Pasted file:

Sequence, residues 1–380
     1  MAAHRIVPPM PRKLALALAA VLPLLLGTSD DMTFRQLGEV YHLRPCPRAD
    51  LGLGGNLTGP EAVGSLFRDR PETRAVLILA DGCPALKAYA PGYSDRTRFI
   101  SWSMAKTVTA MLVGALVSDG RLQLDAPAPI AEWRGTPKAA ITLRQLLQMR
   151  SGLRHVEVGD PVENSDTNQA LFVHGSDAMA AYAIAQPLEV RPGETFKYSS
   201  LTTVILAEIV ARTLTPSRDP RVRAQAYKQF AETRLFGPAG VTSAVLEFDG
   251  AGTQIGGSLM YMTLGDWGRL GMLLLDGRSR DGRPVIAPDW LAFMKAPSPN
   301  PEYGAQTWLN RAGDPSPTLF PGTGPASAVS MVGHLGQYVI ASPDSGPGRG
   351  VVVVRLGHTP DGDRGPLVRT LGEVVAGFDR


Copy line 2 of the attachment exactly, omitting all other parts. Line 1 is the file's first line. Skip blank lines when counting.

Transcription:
     1  MAAHRIVPPM PRKLALALAA VLPLLLGTSD DMTFRQLGEV YHLRPCPRAD